The Classic Comedy of Harold Lloyd - Ask Father may be the finest of Harold Lloyd's one-reel comedies, with its ingenious construction and clever gags. In order to marry his girl, Harold must first ask her father for permission. However, the father is consumed with business and impervious to distraction. Though plucky Harold tries numerous ways -- including scaling the side of a building, firing off pistols, and wearing a suit of armor -- to gain access to the father's inner office, he is repeatedly kicked out by the front office men. Bebe Daniels plays the kindly switchboard operator, who manages to toss her seat cushion precisely where Harold endures many crash landings. When the object of Harold's affections announces she has eloped with another man, Harold turns his attention to Bebe and a happy ending.
Safety Last! was Harold Lloyd's fourth and most complex thrill comedy. He came upon the idea for the film after watching a so-called "human fly" climb up the side of a tall building; Lloyd then convinced the "fly," Bill Strother, to meet his producer, Hal Roach. Roach placed Strother under contract and then devised a rough idea of a story that would involve a daredevil climb.
Lloyd plays a country boy who sets out from his hometown of Great Bend to make good in the big city. His sweetheart (Mildred Davis, Lloyd's real-life wife) promises to marry him once he is a success. Lloyd is only able to get a position as a lowly dry goods clerk in a department store, although he writes his girl at home telling her he is one of the store executives. His chance to succeed comes when he overhears the general manager pledge to pay $1,000 to anyone who can draw a large crowd to the store.
Harold successfully proposes that the general manager hire his roommate, Bill (Bill Strother), who works as a steeplejack, to be a human fly and climb the side of the department store building. But on the day of the publicity stunt, Bill is forced to dodge a disgruntled policeman (Noah Young), and Harold has to make the climb himself.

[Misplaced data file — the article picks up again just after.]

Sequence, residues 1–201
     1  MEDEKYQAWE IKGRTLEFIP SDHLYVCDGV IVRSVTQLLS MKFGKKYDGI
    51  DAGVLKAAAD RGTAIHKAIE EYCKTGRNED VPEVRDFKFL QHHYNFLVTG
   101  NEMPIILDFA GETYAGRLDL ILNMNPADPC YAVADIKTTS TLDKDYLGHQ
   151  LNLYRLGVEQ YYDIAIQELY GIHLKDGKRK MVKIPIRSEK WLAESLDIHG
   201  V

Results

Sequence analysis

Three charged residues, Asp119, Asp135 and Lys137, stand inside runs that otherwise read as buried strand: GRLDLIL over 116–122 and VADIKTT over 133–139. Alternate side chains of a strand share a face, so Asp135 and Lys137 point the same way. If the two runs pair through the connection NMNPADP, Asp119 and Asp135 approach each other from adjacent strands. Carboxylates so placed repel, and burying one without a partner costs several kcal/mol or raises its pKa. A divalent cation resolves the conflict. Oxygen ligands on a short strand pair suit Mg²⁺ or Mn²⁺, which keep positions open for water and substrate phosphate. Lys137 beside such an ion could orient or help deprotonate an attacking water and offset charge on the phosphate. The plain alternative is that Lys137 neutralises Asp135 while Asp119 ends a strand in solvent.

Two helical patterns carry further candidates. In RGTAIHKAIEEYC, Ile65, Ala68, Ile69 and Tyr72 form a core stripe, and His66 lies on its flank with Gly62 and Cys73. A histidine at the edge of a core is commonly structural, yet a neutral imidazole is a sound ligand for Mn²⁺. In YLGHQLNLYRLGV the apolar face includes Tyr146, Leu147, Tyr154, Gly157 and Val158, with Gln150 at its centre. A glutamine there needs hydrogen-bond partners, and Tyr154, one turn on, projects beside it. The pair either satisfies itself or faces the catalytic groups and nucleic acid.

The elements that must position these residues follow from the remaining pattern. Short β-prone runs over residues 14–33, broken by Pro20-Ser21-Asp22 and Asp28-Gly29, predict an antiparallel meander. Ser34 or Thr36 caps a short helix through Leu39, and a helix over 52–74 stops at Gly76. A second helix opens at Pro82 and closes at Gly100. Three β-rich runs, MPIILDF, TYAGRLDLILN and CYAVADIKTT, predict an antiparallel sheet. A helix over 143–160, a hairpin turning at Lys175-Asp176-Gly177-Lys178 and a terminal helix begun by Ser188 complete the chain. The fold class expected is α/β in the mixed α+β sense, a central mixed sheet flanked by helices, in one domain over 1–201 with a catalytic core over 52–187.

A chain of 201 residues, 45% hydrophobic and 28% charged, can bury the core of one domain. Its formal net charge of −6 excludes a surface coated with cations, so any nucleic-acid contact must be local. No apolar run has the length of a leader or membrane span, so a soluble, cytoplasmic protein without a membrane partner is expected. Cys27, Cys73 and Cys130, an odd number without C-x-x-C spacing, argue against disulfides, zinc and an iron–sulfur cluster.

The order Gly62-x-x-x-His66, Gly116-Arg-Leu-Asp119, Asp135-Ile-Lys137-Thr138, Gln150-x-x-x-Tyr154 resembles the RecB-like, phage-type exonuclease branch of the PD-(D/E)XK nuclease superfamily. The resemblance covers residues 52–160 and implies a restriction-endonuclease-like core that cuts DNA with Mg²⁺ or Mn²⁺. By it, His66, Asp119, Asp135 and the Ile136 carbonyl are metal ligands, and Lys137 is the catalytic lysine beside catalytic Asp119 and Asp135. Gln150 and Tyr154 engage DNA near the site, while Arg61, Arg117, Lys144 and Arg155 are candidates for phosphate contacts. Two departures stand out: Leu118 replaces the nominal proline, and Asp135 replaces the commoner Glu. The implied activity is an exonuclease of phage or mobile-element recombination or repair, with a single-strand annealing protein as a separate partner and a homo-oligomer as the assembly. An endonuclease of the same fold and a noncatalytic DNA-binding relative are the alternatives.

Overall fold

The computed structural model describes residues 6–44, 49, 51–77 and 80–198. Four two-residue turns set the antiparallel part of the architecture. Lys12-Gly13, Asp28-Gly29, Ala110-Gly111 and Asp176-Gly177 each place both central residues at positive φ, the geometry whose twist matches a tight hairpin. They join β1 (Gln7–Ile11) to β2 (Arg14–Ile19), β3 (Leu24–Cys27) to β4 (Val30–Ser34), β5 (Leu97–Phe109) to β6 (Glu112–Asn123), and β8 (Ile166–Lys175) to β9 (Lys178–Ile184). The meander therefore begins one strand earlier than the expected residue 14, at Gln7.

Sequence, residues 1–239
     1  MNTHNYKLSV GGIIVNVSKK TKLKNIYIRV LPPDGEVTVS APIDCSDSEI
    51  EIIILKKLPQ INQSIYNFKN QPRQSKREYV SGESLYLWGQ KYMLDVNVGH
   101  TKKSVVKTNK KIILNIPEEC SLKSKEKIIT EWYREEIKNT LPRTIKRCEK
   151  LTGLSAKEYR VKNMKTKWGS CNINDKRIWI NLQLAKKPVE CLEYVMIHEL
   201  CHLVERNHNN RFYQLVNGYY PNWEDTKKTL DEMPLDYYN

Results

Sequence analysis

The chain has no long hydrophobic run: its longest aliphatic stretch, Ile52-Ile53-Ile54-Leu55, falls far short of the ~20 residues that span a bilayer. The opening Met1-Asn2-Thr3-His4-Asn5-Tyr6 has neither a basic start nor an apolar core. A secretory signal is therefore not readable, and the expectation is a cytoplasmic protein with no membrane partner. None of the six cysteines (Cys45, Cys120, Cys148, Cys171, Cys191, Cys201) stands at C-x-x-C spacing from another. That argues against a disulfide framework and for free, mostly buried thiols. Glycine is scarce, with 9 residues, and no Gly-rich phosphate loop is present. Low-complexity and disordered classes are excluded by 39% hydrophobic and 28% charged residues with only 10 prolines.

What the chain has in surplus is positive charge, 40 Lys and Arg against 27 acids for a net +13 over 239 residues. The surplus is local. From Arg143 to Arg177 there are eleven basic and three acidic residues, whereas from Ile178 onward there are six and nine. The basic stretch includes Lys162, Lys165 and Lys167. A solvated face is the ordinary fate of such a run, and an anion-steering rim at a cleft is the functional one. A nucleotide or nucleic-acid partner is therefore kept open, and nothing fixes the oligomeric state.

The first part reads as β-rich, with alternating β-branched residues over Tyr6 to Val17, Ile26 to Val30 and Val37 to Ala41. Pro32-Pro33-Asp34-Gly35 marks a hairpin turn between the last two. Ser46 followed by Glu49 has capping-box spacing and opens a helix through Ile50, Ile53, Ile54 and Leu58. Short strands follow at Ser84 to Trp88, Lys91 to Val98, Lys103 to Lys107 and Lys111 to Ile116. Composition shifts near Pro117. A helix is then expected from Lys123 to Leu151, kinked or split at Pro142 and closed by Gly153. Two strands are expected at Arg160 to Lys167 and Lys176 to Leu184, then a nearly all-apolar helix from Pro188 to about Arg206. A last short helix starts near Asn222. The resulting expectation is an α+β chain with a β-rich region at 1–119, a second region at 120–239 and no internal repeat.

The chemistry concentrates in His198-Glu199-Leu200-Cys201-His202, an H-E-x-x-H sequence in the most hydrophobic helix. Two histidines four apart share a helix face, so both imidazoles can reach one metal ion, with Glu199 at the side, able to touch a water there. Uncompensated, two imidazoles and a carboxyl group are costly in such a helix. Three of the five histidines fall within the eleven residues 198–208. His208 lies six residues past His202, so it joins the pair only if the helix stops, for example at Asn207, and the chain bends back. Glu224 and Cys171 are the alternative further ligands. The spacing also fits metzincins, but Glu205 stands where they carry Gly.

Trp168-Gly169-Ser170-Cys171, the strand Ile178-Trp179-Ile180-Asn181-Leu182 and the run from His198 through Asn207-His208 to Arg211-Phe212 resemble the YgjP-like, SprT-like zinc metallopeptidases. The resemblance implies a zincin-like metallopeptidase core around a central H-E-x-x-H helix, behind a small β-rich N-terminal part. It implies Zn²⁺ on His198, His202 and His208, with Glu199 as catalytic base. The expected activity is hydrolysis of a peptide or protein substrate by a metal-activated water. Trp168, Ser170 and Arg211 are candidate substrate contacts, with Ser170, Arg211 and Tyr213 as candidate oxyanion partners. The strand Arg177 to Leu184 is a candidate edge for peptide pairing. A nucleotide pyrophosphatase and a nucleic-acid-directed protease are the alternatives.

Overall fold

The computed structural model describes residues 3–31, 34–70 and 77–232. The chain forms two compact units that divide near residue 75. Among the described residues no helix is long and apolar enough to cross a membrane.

Lloyd never revealed exactly how his most famous sequence was achieved, but the long shots of Lloyd climbing the building were actually of Bill Strother, who climbed the International Bank Building in Los Angeles on September 17, 1922 with four cameras covering the action, under the direction of Hal Roach. The results -- including Lloyd's infamous clock stunt -- were convincing enough that some 1920s audience members fainted while watching these sequences; many theaters even hired a nurse or kept ambulances on call outside the theater.
Orchestrating the Gala - Former Turner Entertainment Co. president Roger Mayer -- the Chairman of the National Film Preservation Foundation and the 2005 recipient of the Jean Hersholt Humanitarian Award at the Academy Awards -- serves as co-chair of the Silent Film Gala, along with longtime LACO board member Hanna Kennedy. Mayer has been integral to the success of every Silent Film Gala since 1994. "The Silent Film Gala brings together two of the cultural landmarks of Los Angeles: classic film and the Los Angeles Chamber Orchestra," says Mayer.
The Los Angeles Chamber Orchestra, established in 1968, is one of the most widely respected chamber orchestras in the country. Under the guidance of Music Director Jeffrey Kahane and the leadership of Executive Director Ruth Eliel, the Orchestra performs 15 concerts each September through May at UCLA's Royce Hall and the historic Alex Theatre in Glendale and chamber music concerts at Zipper Hall. LACO is currently celebrating the 250th anniversary of Mozart's birth by performing all 23 of Mozart's piano concertos -- conducted by Jeffrey Kahane from the keyboard -- in 15 months, a feat no other American orchestra has ever attempted.